Dreams are powerful tools that can help guide anyone to success and happiness. They represent some cherished aspiration, an ultimate ideal of achievement.

The word sylvan refers most directly to a setting associated with the woods. Reflecting on the vigorous life that abounds in sylvan settings is a very powerful force in my life. For me, this word evokes feelings of transcendence, clarity, and unity.

A Sylvan Dream is a dynamic compilation of my life dream. It is an attempt to seek out and document the truth, beauty, and clarity that exists in this world.

Monday, April 14, 2008

Springtime at Home

Pennsylvania is exuberant in April. Walking around outside these days fills me with excitement and content simultaneously. Pennsylvania welcomes me with a warm and pleasantly humid embrace, and whispers the purest of songs into my ear, telling me to rest, for I am home.
Spring begins its song unhurriedly as winter becomes tired. I heard it this year in Boulder, with the junco’s first trill into the crisp early morning air. The flicker was not long behind the junco. The first one I heard this year stood atop a torn cottonwood along 28th st. in Boulder, spewing its staccato cry as I drove by after a good climbing session. I have come to dislike this call so much after encountering several vociferous individuals. Their loud call echoes over treetops and deafens those unlucky enough to find one tangled in their mist-net.
Driving back into Pennsylvania as the sun was setting, the folded hills, (or mountains as we call them here) began to glow in the waning light. Maple buds shown a scarlet red, and now today they have begun bursting forth with a bright lime green flower. Then a sweeping column of light caught my eye as a four-wheeler spun around the corner of a distant field and barreled down the steep hillside, reminding me I was coming home to a different side of spring as well.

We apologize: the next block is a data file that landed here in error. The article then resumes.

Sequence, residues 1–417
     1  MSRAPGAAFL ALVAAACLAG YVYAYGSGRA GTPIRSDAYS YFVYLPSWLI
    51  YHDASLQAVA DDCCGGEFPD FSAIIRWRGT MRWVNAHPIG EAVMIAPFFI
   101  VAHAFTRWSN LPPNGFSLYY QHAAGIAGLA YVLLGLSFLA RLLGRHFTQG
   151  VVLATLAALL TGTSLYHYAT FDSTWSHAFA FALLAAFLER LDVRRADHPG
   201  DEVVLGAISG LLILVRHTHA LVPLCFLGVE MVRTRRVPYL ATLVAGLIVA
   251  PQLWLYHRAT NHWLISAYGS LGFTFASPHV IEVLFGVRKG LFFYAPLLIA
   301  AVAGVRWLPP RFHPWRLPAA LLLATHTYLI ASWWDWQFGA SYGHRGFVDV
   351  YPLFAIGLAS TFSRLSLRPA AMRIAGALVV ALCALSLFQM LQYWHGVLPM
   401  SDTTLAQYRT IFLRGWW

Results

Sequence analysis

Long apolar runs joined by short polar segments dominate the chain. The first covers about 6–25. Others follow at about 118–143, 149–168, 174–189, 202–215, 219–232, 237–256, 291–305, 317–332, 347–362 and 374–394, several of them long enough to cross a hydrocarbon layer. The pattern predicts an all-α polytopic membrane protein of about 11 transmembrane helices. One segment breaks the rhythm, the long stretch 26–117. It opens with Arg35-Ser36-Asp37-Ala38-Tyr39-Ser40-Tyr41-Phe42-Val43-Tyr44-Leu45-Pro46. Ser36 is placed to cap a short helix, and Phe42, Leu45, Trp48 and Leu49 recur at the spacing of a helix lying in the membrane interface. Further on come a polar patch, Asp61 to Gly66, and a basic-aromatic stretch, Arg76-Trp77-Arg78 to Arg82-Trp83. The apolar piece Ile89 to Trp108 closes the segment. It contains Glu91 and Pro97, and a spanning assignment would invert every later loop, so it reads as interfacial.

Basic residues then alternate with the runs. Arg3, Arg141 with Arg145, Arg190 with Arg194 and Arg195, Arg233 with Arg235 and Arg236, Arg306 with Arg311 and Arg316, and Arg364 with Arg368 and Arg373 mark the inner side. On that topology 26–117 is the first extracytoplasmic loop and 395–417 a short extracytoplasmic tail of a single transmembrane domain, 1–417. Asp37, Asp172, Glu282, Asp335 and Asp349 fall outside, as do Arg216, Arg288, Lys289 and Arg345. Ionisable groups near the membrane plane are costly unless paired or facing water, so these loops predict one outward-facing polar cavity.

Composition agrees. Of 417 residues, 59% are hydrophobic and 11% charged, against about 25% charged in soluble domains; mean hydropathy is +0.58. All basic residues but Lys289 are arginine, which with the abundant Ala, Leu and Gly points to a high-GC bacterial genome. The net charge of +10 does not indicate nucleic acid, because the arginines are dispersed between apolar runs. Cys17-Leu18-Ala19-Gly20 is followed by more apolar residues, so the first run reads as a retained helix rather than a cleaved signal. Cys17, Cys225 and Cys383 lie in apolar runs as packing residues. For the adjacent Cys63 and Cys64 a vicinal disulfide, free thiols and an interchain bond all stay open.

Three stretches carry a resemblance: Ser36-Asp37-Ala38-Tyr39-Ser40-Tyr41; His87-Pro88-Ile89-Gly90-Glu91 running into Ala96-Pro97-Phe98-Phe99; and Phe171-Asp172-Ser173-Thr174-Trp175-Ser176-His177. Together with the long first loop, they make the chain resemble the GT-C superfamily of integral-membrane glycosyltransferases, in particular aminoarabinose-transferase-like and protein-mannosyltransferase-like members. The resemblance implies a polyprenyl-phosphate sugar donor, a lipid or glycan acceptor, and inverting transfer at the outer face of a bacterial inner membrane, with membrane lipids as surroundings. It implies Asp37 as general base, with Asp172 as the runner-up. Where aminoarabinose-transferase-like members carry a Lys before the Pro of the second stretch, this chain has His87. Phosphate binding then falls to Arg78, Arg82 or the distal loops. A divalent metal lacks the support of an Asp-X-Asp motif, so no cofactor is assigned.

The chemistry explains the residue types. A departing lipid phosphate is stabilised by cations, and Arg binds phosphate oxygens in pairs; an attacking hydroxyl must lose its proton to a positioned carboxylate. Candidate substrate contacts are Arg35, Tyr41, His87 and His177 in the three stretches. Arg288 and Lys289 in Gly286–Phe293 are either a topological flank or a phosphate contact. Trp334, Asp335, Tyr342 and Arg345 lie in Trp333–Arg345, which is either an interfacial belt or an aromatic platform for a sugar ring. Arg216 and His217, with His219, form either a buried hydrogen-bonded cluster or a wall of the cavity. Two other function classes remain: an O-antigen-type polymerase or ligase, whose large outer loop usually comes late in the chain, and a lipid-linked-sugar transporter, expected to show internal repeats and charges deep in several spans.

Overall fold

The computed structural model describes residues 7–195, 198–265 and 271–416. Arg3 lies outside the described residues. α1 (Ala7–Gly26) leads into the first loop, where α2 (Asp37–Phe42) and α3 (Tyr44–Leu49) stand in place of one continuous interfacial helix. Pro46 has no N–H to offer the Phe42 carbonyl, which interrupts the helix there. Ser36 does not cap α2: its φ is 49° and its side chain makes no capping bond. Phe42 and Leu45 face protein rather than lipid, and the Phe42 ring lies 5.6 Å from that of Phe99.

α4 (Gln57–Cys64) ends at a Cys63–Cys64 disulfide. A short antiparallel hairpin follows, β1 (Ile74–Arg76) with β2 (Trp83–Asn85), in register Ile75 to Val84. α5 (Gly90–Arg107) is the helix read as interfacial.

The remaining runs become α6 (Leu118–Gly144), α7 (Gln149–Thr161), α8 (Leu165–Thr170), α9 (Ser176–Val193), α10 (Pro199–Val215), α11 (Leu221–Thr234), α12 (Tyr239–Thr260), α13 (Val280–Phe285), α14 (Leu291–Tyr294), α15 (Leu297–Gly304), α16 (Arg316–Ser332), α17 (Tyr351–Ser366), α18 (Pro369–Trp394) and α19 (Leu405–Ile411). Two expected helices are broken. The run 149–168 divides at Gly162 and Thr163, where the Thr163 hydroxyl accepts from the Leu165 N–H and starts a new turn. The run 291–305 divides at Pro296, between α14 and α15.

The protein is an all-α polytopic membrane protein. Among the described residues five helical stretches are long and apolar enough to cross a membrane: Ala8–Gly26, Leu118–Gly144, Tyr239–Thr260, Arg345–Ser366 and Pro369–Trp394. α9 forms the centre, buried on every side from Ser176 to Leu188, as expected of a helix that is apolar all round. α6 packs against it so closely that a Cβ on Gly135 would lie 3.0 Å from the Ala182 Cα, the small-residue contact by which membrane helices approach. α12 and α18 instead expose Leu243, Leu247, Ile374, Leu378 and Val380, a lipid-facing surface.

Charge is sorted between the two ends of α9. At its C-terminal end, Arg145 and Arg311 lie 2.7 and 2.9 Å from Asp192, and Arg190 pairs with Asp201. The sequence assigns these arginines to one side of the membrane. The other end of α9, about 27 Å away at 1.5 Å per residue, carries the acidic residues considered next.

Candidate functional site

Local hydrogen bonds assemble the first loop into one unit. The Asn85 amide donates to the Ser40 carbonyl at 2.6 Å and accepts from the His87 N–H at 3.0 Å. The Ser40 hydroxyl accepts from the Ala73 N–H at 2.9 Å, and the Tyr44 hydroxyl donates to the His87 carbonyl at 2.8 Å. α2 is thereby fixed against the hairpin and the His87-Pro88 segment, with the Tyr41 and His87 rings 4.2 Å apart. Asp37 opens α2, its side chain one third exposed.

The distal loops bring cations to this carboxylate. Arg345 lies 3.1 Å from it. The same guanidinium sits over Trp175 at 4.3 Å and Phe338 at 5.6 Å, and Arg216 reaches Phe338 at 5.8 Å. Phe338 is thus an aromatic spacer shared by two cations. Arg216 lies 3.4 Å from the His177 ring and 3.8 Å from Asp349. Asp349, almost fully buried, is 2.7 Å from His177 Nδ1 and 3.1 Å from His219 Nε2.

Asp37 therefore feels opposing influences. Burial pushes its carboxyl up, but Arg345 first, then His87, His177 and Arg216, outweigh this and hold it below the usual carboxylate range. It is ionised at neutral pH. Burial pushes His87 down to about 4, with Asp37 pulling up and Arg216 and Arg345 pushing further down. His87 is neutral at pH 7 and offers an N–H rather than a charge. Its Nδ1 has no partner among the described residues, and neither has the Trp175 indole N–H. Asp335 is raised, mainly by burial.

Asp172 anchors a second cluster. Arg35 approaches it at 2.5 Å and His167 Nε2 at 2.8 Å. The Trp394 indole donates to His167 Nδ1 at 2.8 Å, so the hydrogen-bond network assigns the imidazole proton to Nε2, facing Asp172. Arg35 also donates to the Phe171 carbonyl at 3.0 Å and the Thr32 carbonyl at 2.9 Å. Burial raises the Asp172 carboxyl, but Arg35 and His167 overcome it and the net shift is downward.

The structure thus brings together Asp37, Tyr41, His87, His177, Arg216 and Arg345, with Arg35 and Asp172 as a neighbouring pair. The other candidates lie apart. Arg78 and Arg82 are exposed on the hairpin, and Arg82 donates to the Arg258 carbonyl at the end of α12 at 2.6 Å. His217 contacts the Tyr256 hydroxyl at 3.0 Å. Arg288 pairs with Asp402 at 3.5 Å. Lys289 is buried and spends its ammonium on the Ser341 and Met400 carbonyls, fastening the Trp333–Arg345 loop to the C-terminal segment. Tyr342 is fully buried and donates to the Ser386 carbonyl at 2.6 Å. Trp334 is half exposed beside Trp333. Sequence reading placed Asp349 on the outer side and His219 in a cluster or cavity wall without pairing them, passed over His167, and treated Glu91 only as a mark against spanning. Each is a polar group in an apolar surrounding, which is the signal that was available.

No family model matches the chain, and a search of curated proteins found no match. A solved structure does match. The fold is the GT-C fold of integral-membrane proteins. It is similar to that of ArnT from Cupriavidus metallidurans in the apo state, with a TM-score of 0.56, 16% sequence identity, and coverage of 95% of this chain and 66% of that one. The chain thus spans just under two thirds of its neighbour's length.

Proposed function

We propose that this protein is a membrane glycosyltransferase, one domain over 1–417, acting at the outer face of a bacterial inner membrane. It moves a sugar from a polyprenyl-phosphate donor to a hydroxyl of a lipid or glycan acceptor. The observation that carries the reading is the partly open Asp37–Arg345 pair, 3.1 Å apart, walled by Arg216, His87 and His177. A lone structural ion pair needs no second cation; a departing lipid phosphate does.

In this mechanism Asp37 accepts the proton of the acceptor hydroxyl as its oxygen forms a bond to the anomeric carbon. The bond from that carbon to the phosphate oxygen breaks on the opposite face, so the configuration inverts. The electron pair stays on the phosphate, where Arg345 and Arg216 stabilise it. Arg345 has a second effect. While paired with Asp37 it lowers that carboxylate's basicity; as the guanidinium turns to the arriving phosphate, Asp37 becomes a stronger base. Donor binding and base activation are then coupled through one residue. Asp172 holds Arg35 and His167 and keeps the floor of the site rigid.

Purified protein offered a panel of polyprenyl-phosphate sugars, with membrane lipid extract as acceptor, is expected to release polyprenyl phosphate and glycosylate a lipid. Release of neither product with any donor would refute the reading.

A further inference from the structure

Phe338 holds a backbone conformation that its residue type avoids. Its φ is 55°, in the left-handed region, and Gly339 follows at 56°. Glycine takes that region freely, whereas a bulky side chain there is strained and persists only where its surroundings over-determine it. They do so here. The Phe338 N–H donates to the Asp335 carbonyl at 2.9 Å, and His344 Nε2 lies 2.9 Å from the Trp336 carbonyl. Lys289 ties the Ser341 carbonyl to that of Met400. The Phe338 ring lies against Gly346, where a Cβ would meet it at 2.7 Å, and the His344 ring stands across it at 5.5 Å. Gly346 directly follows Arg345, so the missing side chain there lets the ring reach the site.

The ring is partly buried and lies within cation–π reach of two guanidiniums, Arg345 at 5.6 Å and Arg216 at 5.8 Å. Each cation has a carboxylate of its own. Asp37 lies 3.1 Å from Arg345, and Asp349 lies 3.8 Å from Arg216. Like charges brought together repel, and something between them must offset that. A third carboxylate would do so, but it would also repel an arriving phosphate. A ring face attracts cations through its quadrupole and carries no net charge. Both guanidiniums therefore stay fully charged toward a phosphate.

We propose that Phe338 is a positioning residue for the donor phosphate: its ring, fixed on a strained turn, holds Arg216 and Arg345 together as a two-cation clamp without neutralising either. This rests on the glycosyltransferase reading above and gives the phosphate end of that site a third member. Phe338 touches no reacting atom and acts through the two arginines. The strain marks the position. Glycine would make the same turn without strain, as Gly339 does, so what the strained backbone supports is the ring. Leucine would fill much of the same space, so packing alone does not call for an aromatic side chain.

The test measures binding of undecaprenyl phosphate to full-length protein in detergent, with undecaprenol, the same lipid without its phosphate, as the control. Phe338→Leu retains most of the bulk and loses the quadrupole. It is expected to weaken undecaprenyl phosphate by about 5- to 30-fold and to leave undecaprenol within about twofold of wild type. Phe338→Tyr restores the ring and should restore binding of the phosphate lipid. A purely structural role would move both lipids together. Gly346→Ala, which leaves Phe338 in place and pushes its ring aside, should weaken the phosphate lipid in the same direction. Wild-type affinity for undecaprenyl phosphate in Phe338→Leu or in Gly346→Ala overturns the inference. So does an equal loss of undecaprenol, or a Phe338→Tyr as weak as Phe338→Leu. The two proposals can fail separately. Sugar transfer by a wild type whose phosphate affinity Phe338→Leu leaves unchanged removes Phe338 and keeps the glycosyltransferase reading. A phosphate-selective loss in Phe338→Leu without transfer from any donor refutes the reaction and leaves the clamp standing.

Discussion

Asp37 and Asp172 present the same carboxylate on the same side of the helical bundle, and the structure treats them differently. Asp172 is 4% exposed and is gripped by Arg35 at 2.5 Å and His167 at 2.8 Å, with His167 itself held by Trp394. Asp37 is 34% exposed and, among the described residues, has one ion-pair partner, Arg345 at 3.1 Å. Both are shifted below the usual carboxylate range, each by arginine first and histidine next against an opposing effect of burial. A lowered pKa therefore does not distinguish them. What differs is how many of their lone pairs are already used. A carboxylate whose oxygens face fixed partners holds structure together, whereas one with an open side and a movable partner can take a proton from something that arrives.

As I pulled up to a past professor’s newly acquired land, the sound of spring enveloped my attention. I stepped out of my vehicle and slammed the door quickly to notify my host I was there, but also to regain silence as quickly as possible to hear the sounds surrounding me. Off in some pencil-necked red pines, a brown tree creeper swung his song around the trees as jubilantly as he circles them in a female’s presence. Then the frogs and toads fell on my ears. Such a beautiful and disarming sound I have yet to find anywhere else. For years I laid with my head hanging out my bedroom window at night until I fell asleep to the sounds of these peepers. The wood frogs had already come and gone, leaving heaps of milky-white eggs in the vernal pools endowed to this rich land, but I still think I heard a few croaking reclusively like an old floorboard in a smoky cabin. After only momentary rests, the peepers reclaim the spring air with a trill I will not even try to describe. I simply implore you to come to the Pennsylvania woods when the earth is waking up to hear such a welcoming sound.
It was the sound of the spring peepers in the pond down behind my house that brought dreams of the lightning bugs yet to come during my childhood. As post-mating pleasure deflated the peepers’ vigor, unable to sleep in such quietude I began to gaze into the warmer evenings with my windows open. After many nights blanketed in black with occasional silvery moonlight, I would finally see them. Arriving like heralded ghosts, I would squint into the night; never completely sure of my eyes for some time. The earliest intrepids would flicker their butts perhaps only once or twice every five minutes as they climbed the branches of my neighbors apple trees, but as they dropped from the treetops and lifted into flight I was made sure of their presence, as they flickered off into the fields around my house to find others. These early fireflies had a tough time, much tougher than those to arrive a few weeks later to a veritable orgy filling the field behind my house with such an ethereal dance the heavens must become jealous.

Sloshing through the marshy creeks braiding through the land, C.C. showed me around to the pools and ponds as we shared enjoyment of the season’s magnificence. We stopped from time to time, glassing the pond in attempts to identify a sheepish fox sparrow or swamp sparrow flitting around the grass and tree branches. Sparrows still seem hopeless to me, but C.C.’s interest in them reminded me that while my true interests will never lead me astray, my love for Natural History should remain broad and encompassing.
Twenty minutes down the road at Bucknell, similar songs welcomed me. I took a walk with another friend, laying on the ground from time to time to get a closer look at some of the first spring flowers that polka-dot the lesser-known wilder lawns of the University. It is so sweet to be home in the welcoming arms of my spring birthday in Pennsylvania, full of April vigor.

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